These two things happened in the summer of 2011:
- US EPA administrator Lisa Jackson told a Congressional committee, “I’m not aware of any proven case where the fracking process itself has affected water,” echoing industry insistence that not a single water well had been affected by fracking [see “The Mother of All Fracking Lies,” The Daily Impact, 8/17/2011];
- A large fracking company, Range Resources Corp., agreed to pay a Pennsylvania family $750,000 to shut them up about how a fracking operation next to their 10-acre farm had polluted their water and air, seriously damaging their health.
That frackers lie is not the headline. Here’s the headline: in approving the settlement agreement, the court imposed on the family’s two minor children, then 10 and seven years old, a lifetime ban on talking about fracking or the Marcellus Shale region.
The agreement, unsealed fully by the court last week, enjoined the adult Hallowiches, Chris and Stephanie, from talking in public about the destruction of their farm and life by the proximity of four wells, gas compressor stations and a 3-acre water impoundment operated by Range Resources. That has become the norm in fracking country, where companies want to avoid public exposure of the awful reality of fracking as described in scores of lawsuits. To avoid conviction, and description of their transgressions in public court records, they offer “settlements” with gag orders attached.
A case can be made for the availability of this option. Families are often desperate, as the Hallowiches were, to get themselves and their children away from a toxic environment, and trials take a lot more time than settlements. Many families might not have the resources to pay for a long trial, and finding a lawyer who will take the case “on spec” can be difficult in a region in the grip of hysterical greed.
But minor children? How do you explain to them that if, for the rest of their lives, they use the words “fracking” or “Marcellus Shale,” they will have committed a crime? (Or at least a tort.) And if you can explain it, how do you justify it? And if you can explain and justify it, how do you enforce it? Is some suit from Range Resources’ law firm going to follow these kids around, making sure, for example, that if they are diagnosed with cancer they never mention to their doctor the words “fracking” or Marcellus Shale?”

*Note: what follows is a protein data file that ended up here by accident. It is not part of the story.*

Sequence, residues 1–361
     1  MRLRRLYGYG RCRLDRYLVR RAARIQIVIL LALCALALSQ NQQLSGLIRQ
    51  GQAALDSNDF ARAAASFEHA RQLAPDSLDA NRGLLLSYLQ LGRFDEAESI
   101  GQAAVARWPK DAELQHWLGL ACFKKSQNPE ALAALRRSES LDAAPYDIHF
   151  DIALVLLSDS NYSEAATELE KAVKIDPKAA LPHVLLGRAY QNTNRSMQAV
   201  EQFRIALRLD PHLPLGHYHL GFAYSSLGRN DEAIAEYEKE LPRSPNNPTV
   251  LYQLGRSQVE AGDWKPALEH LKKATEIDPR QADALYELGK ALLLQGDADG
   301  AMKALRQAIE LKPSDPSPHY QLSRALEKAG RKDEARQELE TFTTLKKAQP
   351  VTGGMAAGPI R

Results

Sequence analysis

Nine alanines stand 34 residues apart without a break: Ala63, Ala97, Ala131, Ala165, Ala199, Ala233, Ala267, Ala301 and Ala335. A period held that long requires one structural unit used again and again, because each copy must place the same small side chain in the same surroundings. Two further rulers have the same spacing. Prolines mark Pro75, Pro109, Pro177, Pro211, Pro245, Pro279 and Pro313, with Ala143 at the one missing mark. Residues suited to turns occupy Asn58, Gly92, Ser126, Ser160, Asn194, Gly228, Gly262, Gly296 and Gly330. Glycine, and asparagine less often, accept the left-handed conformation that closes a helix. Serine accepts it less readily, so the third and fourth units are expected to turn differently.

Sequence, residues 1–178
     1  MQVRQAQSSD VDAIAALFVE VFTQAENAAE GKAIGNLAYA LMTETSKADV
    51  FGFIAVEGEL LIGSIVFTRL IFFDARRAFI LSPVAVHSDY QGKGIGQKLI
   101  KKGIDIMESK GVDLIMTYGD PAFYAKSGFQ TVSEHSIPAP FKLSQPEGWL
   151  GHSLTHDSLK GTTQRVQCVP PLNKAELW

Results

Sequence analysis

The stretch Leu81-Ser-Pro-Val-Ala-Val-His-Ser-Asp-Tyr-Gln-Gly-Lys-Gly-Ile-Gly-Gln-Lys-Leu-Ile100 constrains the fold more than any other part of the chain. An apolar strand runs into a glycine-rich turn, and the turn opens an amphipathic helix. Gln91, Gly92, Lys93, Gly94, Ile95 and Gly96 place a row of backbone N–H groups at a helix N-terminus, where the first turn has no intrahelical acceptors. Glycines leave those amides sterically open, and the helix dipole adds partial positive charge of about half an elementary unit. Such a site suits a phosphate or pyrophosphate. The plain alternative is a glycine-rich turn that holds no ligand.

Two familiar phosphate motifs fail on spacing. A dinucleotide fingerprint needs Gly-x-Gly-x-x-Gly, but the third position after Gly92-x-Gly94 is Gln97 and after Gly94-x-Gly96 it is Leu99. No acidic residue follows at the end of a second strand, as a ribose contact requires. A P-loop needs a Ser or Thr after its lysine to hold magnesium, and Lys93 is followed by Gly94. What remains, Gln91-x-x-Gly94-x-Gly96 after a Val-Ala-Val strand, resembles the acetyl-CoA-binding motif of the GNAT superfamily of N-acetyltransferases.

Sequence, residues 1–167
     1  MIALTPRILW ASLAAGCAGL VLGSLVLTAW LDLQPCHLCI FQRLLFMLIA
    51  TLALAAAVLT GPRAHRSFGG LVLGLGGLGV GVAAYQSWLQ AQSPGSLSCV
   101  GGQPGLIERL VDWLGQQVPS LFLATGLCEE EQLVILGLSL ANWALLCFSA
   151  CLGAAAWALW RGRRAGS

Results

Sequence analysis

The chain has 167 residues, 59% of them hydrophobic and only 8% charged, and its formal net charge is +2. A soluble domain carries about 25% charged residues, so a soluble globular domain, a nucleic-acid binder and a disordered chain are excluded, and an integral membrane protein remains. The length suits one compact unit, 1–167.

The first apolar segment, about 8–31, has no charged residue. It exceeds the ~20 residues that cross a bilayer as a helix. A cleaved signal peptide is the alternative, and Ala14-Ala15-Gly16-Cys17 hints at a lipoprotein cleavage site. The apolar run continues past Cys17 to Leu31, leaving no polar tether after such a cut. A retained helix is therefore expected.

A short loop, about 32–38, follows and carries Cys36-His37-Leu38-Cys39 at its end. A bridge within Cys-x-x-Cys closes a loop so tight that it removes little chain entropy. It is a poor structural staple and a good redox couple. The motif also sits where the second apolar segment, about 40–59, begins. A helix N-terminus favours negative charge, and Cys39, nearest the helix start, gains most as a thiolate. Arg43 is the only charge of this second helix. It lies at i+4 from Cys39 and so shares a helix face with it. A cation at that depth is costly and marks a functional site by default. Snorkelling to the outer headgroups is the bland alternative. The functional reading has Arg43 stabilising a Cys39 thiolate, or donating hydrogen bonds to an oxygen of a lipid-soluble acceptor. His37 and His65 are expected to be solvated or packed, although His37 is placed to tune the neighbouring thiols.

Meanwhile the CEO of Exxon, Rex Tillerson, was entirely within his rights to proclaim, as he did a few months before the Hallowich case was heard, “To our knowledge, there have been a million wells fracked, and no documented cases of contamination of groundwater from hydraulic fracturing.” He was speaking to the House Energy and Commerce Committee, in January of 2010. Talk about contempt of Congress.
It is the First Amendment to the Constitution of the United States (the Second Amendment is, well, number two): our guarantee of freedom of speech and of the press. It is regrettable that it has become routine for corporations to demand and get legal limitations on individuals’ freedom of speech, simply to avoid embarrassment. It’s a shame that the legal tradition — that a person cannot sign away Constitutional rights — is being abandoned.
Bit it is an unmitigated disaster when a judge finds it acceptable to impose on a seven-year-old child a lifetime limitation on free speech, in order to protect the sensibilities of the oil fracker who destroyed her family’s home and dreams. A traumatic experience of which she must never speak.
And let us please remember this: the second guarantee incorporated in the First Amendment is of freedom of the press. Aside from the Guardian, a British newspaper, and the Pittsburgh Post-Gazette (which has pursued the story relentlessly from the beginning), the lies of the EPA administrator and the Exxon CEO, the long trauma of the Hallowich family and now the abusive, perpetual restraints placed on their innocent children, have merited virtually no coverage from the mainstream media. Apparently they have no skin in the game.
When they gagged small children for their lifetimes, I did not speak up, because I wasn’t a small child